Rajameenakshmi attends Virudhunagar Hindu Nadar Primary School in Madurai, not far from the famous Meenakshi Amman temple. She's nine years old and wants to be an engineer. She's also a serious carrom player, which looks like a combination of checkers and table shuffleboard to the uninitiated.
Ten-year-old Mohammed is a student at VHN, too. He loves cricket and drawing. When he grows up, he's going to be a district collector -- that's the chief adminstrator for district government. A very important job!
Both children have big plans and are working hard in school to get good grades. But three months ago, they were having trouble with some of their schoolwork. Why? They couldn't see the blackboard clearly.
That's when Aravind's Spectacles for Scholars team came to their school, and tested the students' eyesight -- about four percent of the class needed eyeglasses, including Rajameenakshmi and Mohammed. Now they are back on track to fulfill their dreams.
Last year, Aravind screened 500,000 school children and provided 15,000 glasses to children with poor eyesight -- thanks in part to your donations. A pair of eyeglasses costs about 450 rupees -- a little over $7 -- but no one can put a price on being able to see! And, we're just getting started -- with your help, we are planning to screen 5 million children by 2020.
Thank you from all of us at the Aravind Eye Foundation for your generous and thoughtful support. Please contact us if you would like to know more about the Spectacles for Scholars programs or if you have comments or suggestions. We always want to hear from our friends.
Donna Campbell, Exectutive Director, Aravind Eye Foundation
P.S. Please enjoy this video about Spectacles for Scholars and meet Mohammed and Rajameenakshmi!
Six-year-old Santhosh is the only child of a poor fishing family from Rameswaram, a remote village located at the very tip of India. He was diagnosed with retinoblastoma -- eye cancer -- during his first visit to Aravind Eye Hospital in Madurai a year ago. At first, his parents tried alternative forms of healing to cure his cancer, but his tumor grew worse. Finally, they returned to Aravind to seek medical help.
A full-course of treatment for eye cancer -- surgery, radiation, chemotherapy, custom-made prosthetic eyes, and counselling -- costs $1000. Santhosh's family could never afford the treatment on a fisherman's wages. But thanks to people like you, his treatment was completely free. Today, his tumor has regressed, and Santhosh and his family face a brighter future. His cancer is probably cured, but Aravind doctors will monitor his health for many years to come to make sure that he remains cancer-free.
Retinoblastoma is a blinding, disfiguring, often fatal cancer that strikes children under age five. In the United States, retinoblastoma is 90% curable -- in India, 90% of children die, because diagnosis and treatment come too late.
Dr. Usha runs Aravind's pediatric cancer division. “Some of these children are so resilient,” says Dr. Usha. “I’ve cried at work on so many different occasions, and I’ve lost patients at every stage. But I know we have to keep doing what we can. Someone has to fight for these patients. We have seen how we can make a difference, but there is still a lot to do.”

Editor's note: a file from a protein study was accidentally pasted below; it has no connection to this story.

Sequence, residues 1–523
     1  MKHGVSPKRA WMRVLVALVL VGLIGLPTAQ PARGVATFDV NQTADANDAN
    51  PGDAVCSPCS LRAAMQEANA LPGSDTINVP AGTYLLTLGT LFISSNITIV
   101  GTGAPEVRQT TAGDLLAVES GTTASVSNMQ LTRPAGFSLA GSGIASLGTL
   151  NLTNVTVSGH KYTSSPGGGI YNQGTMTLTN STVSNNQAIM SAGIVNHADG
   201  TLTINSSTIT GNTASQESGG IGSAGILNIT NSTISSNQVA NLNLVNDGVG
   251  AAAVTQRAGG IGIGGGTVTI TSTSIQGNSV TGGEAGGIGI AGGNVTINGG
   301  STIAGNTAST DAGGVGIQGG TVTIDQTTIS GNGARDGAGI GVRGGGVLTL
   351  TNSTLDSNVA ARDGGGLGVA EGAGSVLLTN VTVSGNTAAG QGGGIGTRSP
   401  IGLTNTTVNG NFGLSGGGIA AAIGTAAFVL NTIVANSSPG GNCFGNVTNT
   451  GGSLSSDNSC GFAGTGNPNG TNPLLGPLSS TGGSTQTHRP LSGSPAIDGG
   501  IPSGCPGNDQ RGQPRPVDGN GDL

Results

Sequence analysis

There is still a lot to do -- but thank you for all you have done. Your gift saves sight and life.
I wish you a joyous and beautiful 2015.
Donna Campbell, Executive Director, Aravind Eye Foundation
"Intelligence and capability are not enough. There must be the joy of doing something beautiful."From the journals of Dr. Govindappa Venkataswamy, founder of Aravind Eye Care Systems.
Aravind is always looking for more effective ways to reach patients – it’s one of our biggest challenges in our mission to eliminate needless blindness. More than 70% of India’s population still lives in rural areas, with little access to eye care. Usually, there is no resident eye doctor, and a cataract patient might travel 250 miles to have surgery.
From the beginning of Aravind Eye Care System in the 1970s, its founder, Dr. G. Venkataswamy, traveled to rural villages to bring eye care to the rural poor. His early efforts have evolved into an enormous community outreach effort; in 2014, we screened more than 558,000 people through 2600 eye camps.
Eye camps provide essential care to people living in the most remote, poorest parts of the country. We work in close partnership with community organizers to publicize the camps. Aravind doctors and nurses travel to rural villages to examine patients, treat common ailments, prescribe glasses, and recommend surgery for those who need it.
Today, about one-third of Aravind’s surgical patients come from eye camps. But in the early days, a lot of people didn’t show up for their “free” surgeries. Why not?
It turns out “free” can be very expensive to the average Indian worker, who has to pay for transportation and take off time from work, losing a day’s wages. A blind beggar told us, “Your ‘free’ surgery costs me 100 rupees.”
We learned that we had to address all the barriers that people might face in accessing eye care – even when it’s free! So, Aravind revised the eye camp program to include transportation to and from the hospital, food and medicines, and a follow-up visit in their village at no cost to the patient. Now more than 80% of patients who are diagnosed with cataracts at an eye camp come to Aravind Hospital for surgery and receive the gift of sight!